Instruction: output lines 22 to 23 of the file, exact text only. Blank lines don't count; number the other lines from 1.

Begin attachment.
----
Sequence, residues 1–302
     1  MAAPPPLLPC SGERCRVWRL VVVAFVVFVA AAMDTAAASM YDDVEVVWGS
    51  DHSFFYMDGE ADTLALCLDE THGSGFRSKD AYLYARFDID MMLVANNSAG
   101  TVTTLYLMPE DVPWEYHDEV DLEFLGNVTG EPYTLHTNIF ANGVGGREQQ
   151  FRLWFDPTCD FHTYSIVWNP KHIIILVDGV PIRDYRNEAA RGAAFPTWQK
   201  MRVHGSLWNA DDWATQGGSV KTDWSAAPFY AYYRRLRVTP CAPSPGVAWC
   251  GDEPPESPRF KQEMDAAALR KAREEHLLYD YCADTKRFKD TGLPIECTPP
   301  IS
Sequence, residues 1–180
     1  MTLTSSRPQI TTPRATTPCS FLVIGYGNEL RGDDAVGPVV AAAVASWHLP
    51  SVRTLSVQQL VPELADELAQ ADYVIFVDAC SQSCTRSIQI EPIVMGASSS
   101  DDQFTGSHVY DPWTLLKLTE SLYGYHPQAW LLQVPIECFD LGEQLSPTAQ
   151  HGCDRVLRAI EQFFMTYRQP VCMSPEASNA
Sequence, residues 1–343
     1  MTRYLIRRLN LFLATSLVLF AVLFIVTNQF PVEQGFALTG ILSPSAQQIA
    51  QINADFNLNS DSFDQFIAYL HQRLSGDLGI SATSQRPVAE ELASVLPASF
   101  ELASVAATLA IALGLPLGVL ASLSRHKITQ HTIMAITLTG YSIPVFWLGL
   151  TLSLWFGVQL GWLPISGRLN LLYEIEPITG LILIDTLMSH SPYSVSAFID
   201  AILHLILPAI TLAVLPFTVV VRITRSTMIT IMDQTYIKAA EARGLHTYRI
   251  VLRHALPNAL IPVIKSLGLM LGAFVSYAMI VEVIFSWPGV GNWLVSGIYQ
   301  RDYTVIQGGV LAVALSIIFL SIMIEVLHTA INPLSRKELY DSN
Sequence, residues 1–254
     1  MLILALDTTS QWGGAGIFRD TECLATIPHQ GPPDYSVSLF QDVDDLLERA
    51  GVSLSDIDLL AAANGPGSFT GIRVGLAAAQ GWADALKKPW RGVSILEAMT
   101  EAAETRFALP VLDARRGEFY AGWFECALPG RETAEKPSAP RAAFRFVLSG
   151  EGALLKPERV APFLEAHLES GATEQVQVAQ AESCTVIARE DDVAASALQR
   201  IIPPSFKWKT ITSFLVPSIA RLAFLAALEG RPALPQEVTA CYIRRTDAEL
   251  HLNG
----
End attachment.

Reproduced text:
Sequence, residues 1–254
     1  MLILALDTTS QWGGAGIFRD TECLATIPHQ GPPDYSVSLF QDVDDLLERA